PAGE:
The last eighteen months have witnessed a revolution in financial regulation — if by that we mean a fundamental reconstruction, total change or turn round from the previous orthodoxy occurring in a relatively compressed time.
In particular, the sheer scale of recent policy interventions in the banking system is throwing up very uncomfortable questions about the government’s role in the economy, centered on its function as the ultimate re-insurer of risk and its function via the central bank as “lender of last resort” (LOLR) to the banking system.
The classic statement of LOLR operations set out in Walter Bagehot’s “Lombard Street” is to “lend freely, at penal rates, against good collateral”.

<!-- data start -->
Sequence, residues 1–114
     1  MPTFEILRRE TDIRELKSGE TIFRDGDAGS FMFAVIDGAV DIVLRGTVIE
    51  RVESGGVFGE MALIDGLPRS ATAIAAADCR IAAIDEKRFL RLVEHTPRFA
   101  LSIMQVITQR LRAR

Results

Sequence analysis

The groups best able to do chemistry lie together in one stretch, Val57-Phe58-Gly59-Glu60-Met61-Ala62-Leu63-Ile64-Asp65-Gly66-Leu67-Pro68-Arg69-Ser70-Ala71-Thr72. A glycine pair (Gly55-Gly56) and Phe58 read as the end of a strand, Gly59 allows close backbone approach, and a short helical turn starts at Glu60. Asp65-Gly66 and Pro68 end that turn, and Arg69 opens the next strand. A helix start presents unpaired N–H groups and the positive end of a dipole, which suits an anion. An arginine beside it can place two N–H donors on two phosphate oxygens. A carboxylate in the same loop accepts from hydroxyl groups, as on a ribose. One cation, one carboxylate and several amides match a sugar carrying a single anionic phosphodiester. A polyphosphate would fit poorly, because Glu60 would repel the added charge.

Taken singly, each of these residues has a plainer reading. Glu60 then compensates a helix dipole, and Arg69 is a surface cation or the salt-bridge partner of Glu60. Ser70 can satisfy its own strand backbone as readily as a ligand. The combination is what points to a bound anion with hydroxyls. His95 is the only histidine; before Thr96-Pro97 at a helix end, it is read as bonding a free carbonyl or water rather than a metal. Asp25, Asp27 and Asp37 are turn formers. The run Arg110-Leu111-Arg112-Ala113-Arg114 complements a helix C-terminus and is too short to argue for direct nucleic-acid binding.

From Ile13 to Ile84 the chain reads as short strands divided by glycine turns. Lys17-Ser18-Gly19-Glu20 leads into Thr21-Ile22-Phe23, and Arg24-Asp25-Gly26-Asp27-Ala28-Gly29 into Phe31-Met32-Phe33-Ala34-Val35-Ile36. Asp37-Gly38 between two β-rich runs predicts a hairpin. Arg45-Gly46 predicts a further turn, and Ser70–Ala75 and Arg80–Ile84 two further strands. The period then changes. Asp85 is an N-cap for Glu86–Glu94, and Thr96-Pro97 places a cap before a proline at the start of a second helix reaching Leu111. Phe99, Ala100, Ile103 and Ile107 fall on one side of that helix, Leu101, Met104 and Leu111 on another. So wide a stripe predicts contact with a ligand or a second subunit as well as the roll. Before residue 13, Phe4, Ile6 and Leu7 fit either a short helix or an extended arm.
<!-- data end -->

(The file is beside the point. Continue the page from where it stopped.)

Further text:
But in the aftermath of recent rescues, not much remains of the original doctrine. The Fed and other central banks are now lending freely, but to a wider range of institutions never envisaged before, against poor collateral, on increasingly generous terms, and providing support for solvency as well as liquidity.